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China Bitterly Recalls 'National Humiliations'

April 10, 2001|JAMES P. PINKERTON | James P. Pinkerton, who writes a column for Newsday in New York. E-mail: pinkerto@ix.netcom.com

Of course the Chinese should release the U.S. service personnel being held on Hainan island immediately. But it's worth pausing over what might be motivating China not to release them.

One possible explanation, to be sure, is that the People's Republic of China is an evil empire. But another is that the people of China--enough of them, at least--harbor deep grudges against the West, including the United States, and that those hostilities manifest themselves in irrational, even cruel, ways. If, as Vice President Dick Cheney said on Sunday, "every day that goes by without having it resolved raises the risks to the long-term relationship," then it's worth looking at the totality of China's long-term relationships with the U.S. and the West.

For most of the last two centuries, China suffered at the hands of Westerners. In 1839, the country enacted drastic laws against the opium trade that was run by the British. The Chinese arrested British drug traffickers and seized about 2.5 million pounds of opium. The British went to war to keep the trade going, winning easily. China was forced to surrender Hong Kong as well as to pay a huge indemnity. And, of course, the British were free to push drugs. Throughout the rest of the 19th century, Westerners, including Americans, poured into China, motivated by everything from greed to evangelism.

In 1898, a Chinese group, the Society of Righteous Harmonious Fists, began a violent uprising against foreigners. Eight Western nations, including the U.S., sent soldiers to suppress the nationalist group, whose name was carelessly translated as "Boxers." A sense of Western attitudes toward China back then might be gleaned from the words of Kaiser Wilhelm II to German troops embarking on their China expedition: "When you come upon the enemy, smite him. . . . Once, a thousand years ago, the Huns under their King Attila made a name for themselves, one still potent in legend and tradition. May you in this way make the name German remembered in China for a thousand years so that no Chinaman will ever again dare to even squint at a German!"

Western troops easily put down the rebellion, not only capturing Beijing but also looting the Forbidden City. Total Western deaths: about 250. Total Chinese deaths: in the tens of thousands. One who spoke out against such bloody imperialism was Mark Twain. "On this question," he said in a speech in 1900, "I am with the Boxers every time. The Boxer is a patriot. He loves his country."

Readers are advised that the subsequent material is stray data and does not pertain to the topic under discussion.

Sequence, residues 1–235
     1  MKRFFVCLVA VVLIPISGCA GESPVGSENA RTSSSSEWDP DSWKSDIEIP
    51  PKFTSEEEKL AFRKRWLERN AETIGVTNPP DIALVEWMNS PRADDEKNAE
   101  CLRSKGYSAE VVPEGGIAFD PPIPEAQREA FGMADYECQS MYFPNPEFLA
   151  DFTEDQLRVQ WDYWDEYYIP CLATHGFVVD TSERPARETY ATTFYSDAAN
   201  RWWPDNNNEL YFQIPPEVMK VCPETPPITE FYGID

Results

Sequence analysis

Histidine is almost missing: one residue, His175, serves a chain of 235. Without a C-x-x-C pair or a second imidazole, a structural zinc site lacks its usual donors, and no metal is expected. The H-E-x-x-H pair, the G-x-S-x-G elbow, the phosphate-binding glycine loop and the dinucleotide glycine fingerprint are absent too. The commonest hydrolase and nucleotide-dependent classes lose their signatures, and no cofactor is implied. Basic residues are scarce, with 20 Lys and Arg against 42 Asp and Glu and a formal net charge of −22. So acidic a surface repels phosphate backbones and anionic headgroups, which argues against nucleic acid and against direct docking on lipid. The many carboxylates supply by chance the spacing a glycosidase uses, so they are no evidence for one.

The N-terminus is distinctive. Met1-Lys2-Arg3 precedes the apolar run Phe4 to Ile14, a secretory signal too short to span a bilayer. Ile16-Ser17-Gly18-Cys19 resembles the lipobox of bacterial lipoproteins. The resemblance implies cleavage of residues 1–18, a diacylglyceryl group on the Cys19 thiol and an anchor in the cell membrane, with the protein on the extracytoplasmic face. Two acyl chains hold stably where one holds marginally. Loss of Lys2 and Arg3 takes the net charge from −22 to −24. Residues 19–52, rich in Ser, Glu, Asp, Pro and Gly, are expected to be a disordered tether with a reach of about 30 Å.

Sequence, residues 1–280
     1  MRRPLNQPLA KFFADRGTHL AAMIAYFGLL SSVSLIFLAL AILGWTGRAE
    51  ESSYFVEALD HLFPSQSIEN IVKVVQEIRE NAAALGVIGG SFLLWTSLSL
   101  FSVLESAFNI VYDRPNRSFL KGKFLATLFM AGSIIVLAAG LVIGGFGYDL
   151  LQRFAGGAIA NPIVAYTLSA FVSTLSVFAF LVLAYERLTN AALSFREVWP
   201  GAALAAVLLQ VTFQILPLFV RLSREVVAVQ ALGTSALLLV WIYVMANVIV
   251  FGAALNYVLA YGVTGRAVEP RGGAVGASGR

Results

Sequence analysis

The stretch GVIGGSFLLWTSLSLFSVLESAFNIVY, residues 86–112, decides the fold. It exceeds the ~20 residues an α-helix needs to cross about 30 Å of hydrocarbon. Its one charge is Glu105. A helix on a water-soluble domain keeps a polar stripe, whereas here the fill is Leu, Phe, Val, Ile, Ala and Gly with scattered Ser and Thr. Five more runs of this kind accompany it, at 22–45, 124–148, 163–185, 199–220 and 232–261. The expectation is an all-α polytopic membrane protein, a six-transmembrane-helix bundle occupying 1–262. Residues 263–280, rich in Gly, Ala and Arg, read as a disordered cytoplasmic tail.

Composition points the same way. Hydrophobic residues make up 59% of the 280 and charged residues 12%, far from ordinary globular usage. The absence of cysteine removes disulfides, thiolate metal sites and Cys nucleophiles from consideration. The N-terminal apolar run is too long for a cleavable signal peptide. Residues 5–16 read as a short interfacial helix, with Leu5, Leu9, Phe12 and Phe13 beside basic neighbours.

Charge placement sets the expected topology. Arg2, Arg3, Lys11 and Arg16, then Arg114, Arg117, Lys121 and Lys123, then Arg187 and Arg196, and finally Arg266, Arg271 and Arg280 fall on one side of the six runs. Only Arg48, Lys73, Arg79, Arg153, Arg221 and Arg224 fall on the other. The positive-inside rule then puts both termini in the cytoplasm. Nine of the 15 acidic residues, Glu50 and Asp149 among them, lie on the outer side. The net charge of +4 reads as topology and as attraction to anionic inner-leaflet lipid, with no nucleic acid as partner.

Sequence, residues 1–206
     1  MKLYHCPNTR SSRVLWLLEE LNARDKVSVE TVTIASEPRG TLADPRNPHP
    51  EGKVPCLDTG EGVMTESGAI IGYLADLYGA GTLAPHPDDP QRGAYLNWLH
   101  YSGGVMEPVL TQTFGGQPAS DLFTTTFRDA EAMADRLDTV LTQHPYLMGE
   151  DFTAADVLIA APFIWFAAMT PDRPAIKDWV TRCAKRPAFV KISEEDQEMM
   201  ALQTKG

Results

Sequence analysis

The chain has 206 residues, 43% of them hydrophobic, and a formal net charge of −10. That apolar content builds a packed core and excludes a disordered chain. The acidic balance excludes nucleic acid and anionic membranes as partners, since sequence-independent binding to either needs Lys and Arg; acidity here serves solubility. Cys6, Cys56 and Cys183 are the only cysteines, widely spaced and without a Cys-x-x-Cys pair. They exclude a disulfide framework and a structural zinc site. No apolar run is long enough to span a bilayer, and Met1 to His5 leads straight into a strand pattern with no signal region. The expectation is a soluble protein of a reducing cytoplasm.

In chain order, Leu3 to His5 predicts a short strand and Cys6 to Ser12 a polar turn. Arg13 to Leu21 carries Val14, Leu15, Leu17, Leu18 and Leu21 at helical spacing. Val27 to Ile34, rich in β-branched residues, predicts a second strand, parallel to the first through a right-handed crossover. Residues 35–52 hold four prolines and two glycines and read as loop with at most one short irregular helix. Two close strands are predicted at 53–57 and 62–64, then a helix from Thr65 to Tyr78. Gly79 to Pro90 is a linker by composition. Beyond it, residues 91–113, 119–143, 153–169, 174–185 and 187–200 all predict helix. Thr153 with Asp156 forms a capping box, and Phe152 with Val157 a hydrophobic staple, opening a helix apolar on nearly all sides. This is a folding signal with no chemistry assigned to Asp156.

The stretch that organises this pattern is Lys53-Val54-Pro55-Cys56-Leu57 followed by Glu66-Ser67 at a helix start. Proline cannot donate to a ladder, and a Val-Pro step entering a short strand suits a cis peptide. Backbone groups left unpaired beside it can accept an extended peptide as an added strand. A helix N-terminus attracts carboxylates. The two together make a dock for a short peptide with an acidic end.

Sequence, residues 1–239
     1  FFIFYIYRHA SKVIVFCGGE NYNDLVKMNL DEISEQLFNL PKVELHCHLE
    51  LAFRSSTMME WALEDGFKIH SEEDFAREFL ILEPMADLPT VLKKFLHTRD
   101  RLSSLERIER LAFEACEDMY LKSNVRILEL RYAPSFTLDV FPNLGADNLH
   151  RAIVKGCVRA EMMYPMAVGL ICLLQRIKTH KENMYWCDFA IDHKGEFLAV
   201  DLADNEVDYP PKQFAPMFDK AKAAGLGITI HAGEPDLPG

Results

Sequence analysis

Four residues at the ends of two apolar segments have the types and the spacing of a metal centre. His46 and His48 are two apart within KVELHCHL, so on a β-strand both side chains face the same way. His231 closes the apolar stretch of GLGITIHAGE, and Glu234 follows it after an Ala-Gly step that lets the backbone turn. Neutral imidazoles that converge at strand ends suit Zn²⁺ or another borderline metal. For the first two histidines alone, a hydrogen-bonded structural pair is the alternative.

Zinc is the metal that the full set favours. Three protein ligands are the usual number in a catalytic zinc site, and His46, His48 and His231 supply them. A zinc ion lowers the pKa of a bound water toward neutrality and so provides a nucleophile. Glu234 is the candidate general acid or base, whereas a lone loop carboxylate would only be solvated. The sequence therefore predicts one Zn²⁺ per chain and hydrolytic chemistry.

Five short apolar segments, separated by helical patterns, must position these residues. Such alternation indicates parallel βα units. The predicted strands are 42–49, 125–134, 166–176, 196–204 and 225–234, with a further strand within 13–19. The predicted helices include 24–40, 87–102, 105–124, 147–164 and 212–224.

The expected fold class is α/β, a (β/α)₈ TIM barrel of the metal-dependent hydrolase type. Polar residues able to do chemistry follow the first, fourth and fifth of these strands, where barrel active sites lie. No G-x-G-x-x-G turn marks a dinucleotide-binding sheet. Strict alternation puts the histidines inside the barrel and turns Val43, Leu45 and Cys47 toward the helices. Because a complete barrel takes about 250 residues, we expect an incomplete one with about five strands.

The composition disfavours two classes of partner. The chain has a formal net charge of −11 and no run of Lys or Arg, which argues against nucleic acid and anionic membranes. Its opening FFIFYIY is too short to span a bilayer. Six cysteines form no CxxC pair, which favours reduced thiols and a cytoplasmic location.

Twain was unheeded, of course, and for the next half-century, China was at the mercy of first the West, then the Japanese. Most Americans probably don't know this history, because invaders tend to forget faster than invadees. Few Ohioans today, for example, have occasion to think about their native son, Civil War Gen. William Tecumseh Sherman, but many Georgians today still know about Sherman's "March to the Sea" in 1864--because his bloody and incendiary rampage occurred on their home soil. And so it is that Chinese schoolchildren, long before the Communist era, were schooled to remember with bitterness a century of "unequal treaties" and "national humiliations."

Americans angry about the Hainan incident right now might not care about China's historical grievances against Christendom, but ignorance of a potential foe can lead to real tragedy, as the U.S. discovered in 1950.

In June of that year, Washington intervened to defend South Korea from an attack by North Korea. Going far beyond his mandate to push the Communist aggressors back to the original border, U.S. Gen. Douglas MacArthur sought to liberate all of North Korea. But in October, the Chinese, warily watching U.S. forces moving closer to their own border, intervened themselves. As a result, a conflict that might have lasted six months--ending in U.S. triumph--lasted more than three years, ending in a stalemate that cost 37,000 American lives.

China may be an evil empire, but it is demonstrably less evil than it was during the Maoist era. It will always be China, however, with memories and experiences that few Americans understand. And so it behooves us to know more about the country we're dealing with, not because China is right in this instance, but because perhaps we can avoid another war.

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